Christopher Walken's film career skyrocketed after his unforgettable role as Duane Hall, brother to Diane Keaton's title character in Woody Allen's Oscar-winning Best Picture Annie Hall. Since then, Walken has appeared in more than 50 feature films, including Herbert Ross' Oscar-nominated Pennies From Heaven; David Cronenberg's adaptation of Stephen King's The Dead Zone; James Foley's At Close Range, opposite Sean Penn; Mike Nichols' Biloxi Blues, based on the Neil Simon play; Abel Ferrara's gritty crime-drama King of New York; Joe Roth's comedy, America’s Sweethearts, co-starring Julia Roberts, Billy Crystal, and John Cusack; and Tony Scott's Man on Fire, opposite Denzel Washington. Most recently, Walken starred in the heart-warming drama Around the Bend,opposite Michael Caine.
Walken has succeeded in creating some of the most memorable characters in film history, such as Vincent Coccotti in Tony Scott's True Romance, Captain Koons in Quentin Tarantino's Pulp Fiction, Carlo Bartolucci in Suicide Kings, The Headless Horseman in Tim Burton's Sleepy Hollow, and the crooked businessman Max Shreck in Burton's Batman Returns.
On television, Walken has memorably hosted Saturday Night Live a total of 6 times since 1990 and contributed a mesmerizing dance performance to the Spike Jonze-directed music video for Fat Boy Slim's Weapon of Choice.
JOHN TURTURRO (Writer/Director) graduated from the Yale School of Drama. Onstage, he has created the title role of John Patrick Shanley’s Danny and the Deep Blue Sea, for which he won an OBIE Award and a Theater World Award. He has also performed in Waiting for Godot; in the title role of Bertold Brecht’s The Resistible Rise of Arturo Ui; and most recently in Eduardo De Filippo’s Souls of Naples, for which he was nominated for a Drama Desk Award.
Turturro has performed in more than sixty films, including Martin Scorcese’s The Color of Money; Tony Bill’s Five Corners; Spike Lee’s Do the Right Thing and Jungle Fever; Robert Redford’s Quiz Show (for which he was nominated for a Golden Globe and a SAG Award); Peter Weir’s Fearless; Tom DiCillo’s Box of Moonlight; Francesco Rosi’s La Tregua; and Joel and Ethan Coen’s Miller’s Crossing, The Big Lebowski, and O Brother Where Art Thou. For his lead role in the Coen Brothers’ Barton Fink, he won the Best Actor Award at the Cannes Film Festival and the David di Donatello Award.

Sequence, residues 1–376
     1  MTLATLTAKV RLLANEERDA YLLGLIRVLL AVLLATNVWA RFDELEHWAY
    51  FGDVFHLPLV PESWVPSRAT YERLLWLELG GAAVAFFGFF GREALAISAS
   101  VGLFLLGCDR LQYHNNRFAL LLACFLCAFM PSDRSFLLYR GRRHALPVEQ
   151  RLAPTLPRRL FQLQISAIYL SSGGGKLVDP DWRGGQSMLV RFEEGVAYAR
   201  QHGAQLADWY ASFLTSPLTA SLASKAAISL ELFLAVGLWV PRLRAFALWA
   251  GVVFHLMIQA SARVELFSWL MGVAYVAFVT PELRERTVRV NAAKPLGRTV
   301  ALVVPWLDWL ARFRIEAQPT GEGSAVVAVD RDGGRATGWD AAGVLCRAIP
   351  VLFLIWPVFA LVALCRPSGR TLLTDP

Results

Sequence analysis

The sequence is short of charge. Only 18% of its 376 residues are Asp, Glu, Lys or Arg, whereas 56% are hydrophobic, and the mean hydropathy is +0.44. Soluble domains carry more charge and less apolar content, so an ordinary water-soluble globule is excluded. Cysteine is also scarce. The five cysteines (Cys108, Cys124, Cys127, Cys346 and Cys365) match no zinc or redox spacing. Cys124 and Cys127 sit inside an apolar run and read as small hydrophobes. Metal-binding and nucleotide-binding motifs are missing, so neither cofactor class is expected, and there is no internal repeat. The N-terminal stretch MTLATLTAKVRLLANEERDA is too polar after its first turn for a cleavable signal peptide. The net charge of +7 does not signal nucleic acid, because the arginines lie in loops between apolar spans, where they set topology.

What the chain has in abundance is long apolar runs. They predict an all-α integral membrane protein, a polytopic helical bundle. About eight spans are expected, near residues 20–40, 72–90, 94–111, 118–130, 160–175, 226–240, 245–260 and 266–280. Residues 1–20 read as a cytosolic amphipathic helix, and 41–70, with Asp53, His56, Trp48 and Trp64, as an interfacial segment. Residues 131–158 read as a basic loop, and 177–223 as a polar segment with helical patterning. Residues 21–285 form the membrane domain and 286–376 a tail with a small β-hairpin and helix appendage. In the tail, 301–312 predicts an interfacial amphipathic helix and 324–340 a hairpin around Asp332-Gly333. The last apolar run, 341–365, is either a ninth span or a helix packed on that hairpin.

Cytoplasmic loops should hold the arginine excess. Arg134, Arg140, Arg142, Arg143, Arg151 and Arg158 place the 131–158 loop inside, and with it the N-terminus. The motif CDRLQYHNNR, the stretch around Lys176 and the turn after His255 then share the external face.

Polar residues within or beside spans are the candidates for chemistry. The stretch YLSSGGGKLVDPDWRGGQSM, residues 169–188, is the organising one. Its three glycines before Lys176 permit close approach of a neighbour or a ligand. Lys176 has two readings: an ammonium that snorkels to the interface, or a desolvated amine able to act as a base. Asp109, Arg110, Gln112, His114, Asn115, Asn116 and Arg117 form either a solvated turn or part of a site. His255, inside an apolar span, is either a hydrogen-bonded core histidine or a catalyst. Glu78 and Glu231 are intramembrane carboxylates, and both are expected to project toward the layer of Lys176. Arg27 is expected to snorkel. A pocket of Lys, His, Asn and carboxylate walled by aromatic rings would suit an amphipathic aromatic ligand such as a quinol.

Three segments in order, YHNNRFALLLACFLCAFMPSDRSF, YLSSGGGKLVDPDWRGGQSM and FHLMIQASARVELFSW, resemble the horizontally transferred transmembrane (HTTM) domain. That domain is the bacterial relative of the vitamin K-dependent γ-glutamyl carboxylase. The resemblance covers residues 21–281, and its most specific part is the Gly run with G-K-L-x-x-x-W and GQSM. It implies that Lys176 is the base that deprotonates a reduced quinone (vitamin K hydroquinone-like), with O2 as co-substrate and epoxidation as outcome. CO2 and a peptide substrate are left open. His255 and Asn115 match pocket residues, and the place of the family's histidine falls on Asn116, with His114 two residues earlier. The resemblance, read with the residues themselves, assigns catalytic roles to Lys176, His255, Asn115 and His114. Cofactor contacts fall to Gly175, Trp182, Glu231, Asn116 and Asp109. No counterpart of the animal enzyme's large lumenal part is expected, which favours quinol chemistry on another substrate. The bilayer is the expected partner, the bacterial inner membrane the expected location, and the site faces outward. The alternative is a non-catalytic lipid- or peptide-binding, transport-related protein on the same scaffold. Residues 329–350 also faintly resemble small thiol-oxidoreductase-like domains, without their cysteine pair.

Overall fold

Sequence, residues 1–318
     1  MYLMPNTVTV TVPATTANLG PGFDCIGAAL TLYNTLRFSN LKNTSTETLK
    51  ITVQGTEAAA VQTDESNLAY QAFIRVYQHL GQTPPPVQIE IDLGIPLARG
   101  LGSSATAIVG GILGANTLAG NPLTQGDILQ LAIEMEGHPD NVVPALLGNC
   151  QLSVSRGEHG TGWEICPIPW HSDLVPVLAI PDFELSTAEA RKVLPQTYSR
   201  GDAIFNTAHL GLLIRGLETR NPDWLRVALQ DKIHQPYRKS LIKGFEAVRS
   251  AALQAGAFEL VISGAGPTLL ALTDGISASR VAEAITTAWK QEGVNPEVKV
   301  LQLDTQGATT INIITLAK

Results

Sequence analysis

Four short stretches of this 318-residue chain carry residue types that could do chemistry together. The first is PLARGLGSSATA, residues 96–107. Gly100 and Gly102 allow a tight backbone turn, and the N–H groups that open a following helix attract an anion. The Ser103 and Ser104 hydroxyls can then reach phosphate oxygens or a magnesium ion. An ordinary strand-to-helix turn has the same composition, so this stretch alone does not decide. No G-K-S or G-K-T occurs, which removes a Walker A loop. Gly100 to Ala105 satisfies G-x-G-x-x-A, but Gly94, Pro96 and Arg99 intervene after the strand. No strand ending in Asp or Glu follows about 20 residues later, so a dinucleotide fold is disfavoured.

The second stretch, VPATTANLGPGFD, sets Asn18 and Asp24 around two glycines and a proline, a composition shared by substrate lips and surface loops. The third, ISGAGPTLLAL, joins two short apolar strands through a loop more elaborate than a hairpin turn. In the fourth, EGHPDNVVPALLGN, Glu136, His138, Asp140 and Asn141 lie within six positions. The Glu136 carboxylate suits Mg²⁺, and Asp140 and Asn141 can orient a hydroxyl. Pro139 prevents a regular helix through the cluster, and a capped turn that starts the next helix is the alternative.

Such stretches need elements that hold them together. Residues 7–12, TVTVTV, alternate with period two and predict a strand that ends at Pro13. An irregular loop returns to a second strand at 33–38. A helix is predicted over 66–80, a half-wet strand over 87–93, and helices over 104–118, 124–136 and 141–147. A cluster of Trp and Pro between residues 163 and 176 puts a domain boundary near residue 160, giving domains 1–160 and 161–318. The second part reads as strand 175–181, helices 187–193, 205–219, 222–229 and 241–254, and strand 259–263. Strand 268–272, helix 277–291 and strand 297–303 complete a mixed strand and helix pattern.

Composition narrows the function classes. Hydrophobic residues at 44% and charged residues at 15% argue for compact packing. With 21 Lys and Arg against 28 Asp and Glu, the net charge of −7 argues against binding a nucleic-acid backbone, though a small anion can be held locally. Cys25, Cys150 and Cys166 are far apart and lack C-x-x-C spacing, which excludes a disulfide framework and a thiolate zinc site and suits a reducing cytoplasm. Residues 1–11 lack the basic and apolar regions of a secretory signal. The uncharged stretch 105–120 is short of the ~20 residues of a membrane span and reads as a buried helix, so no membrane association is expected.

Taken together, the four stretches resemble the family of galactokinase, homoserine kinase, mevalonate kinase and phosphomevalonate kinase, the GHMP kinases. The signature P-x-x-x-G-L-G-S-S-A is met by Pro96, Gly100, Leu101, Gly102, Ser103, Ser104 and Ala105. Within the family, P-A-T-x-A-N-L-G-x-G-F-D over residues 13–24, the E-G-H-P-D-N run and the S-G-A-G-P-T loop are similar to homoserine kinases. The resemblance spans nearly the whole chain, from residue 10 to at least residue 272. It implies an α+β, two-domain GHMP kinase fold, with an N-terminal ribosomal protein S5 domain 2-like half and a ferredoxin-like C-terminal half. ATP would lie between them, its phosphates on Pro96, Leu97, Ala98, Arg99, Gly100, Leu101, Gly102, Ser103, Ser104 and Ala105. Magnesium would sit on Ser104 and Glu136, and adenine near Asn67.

For his work in television, Turturro was nominated for a SAG award for his portrayal of Howard Cosell in Monday Night Mayhem, and recently won an Emmy Award for his guest appearance on Monk.
For his directorial debut, Mac, Turturro won the Camera D’Or from the Cannes Film Festival. His second film as director, Illuminata, also premiered at Cannes.
JOHN PENOTTI (Producer) is President and Founding Partner of GreeneStreet Films. He is currently producing Awake, by writer/director Joby Harold, and Michael Ian Black’s The Pleasure of Your Company.
In 2005, he executive produced an untitled comedy by Robert Altman starring Meryl Streep, Tommy Lee Jones, Lindsay Lohan, Kevin Kline, Woody Harrelson, John C. Reilly, Lily Tomlin, Maya Rudolph, and Garrison Keillor. He also executive produced Slow Burn by writer/director Wayne Beach, starring Ray Liotta, LL Cool J, Mekhi Phifer, Taye Diggs and Jolene Blalock; and executive produced Yes, by acclaimed auteur writer/director Sally Potter (Orlando), starring Joan Allen and Sam Neill.
In 2003, Penotti produced the box office hit Uptown Girls, directed by Boaz Yakin, starring Brittany Murphy and Dakota Fanning. In 2002, Penotti produced the #1 box office hit Swimfan, directed by John Polson, starring Jesse Bradford and Erika Christensen; he also executive produced Fisher Stevens’ Just A Kiss, starring Marisa Tomei.
In 2001, Penotti executive produced In the Bedroom, directed by Todd Field, starring Sissy Spacek, Marisa Tomei, Tom Wilkinson and Nick Stahl. The film was nominated for five Academy Awards, including Best Picture. In 2001 Penotti also produced Piñero by writer/director Leon Ichaso, starring Benjamin Bratt, and executive produced The Chateau, directed by Jesse Peretz.
In 2000, Penotti executive produced Griffin Dunne’s Lisa Picard is Famous, an official selection of the 2000 Cannes International Film Festival. In 1998, Penotti produced Illuminata, written, directed and starring John Turturro, with Susan Sarandon and Christopher Walken, an official selection in the Main Category at the 1998 Cannes Film Festival.
Penotti began his film career working under Sidney Lumet on features that include Q+A, Family Business and A Stranger Among Us. Penotti is a graduate of Tufts University, where he earned degrees Magna Cum Laude in Biology and Psychology. He was born in Paterson, New Jersey.